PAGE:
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Rogue Android Skype app is open to premium SMS fraud

Unofficial sources bring unwanted attention
Tue Sep 10 2013, 15:20
Hacker's hands on keyboard

SECURITY FIRM Malwarebytes has warned people who download rogue apps that they can expect to fall into an insecurity trap.

The firm said that SMS Trojans are some of the most prevalent malicious apps, and warned that some can charge people as much as $10 for every crappy message that they send or receive.

Jerome Segura, senior security researcher at Malwarebytes has traced one particularly onerous one back to a fake Skype application. Segura said that the bad app makes its living mostly in Eastern Europe, but can be turned onto any kind of software.

"We navigate to a site pushing a fake Skype update for Android phones (and tablets). We proceed to download the app which is fairly big in size, but is within what we would expect for Skype anyway," he said.

The firm reverse engineered the app and has pulled it apart. It found some modules that relate to Skype but some others that are not documented in Skype's SDK for Android.

"The code is well-structured and each class is named appropriately, quite different when we compare it to malicious Java applets used in exploit kits where everything is obfuscated and encrypted," he said.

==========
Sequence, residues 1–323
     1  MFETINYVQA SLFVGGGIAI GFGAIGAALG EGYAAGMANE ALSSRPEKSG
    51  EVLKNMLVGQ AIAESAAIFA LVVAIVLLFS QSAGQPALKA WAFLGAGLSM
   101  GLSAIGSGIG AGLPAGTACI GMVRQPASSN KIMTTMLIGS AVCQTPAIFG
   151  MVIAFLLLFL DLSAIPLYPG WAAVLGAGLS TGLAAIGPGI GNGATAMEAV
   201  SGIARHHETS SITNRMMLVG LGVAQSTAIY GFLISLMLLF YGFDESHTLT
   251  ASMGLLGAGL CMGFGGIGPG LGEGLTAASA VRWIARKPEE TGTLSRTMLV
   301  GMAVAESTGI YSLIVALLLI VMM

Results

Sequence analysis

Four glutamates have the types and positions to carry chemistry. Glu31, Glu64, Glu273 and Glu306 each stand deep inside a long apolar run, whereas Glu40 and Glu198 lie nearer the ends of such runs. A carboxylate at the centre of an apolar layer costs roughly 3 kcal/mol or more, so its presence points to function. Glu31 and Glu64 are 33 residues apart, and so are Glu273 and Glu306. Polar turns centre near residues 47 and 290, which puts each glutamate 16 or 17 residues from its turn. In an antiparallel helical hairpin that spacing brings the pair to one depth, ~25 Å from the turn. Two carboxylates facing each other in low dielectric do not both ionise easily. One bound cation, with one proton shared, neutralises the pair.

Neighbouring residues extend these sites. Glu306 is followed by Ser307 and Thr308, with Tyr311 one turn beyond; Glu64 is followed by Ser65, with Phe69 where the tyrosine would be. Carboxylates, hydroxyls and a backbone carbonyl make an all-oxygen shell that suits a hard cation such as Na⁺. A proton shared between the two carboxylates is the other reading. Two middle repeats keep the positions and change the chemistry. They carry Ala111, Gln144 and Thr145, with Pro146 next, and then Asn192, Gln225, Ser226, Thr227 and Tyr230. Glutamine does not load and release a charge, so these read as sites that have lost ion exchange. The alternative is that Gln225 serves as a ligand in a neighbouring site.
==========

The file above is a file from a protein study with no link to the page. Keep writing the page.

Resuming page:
"What we have here is the backbone for an SMS Trojan that can - among other things - automatically send costly (premium) SMS messages while running silently in the background."

The app can send a premium SMS message every ten minutes, which sounds costly. Perhaps worse it has been engineered so that it will hide warnings about high cost messages from the user. Other features include logging of phone activity and storing it somewhere.

"The Android operating system comes with certain safeguards and given the current malware landscape it is a very good idea to make sure they are enabled," said Segura.

"The rule of thumb is that you should avoid installing any app that is not in the Play Store. Right there it will dramatically reduce your chances of getting infected." µ

 

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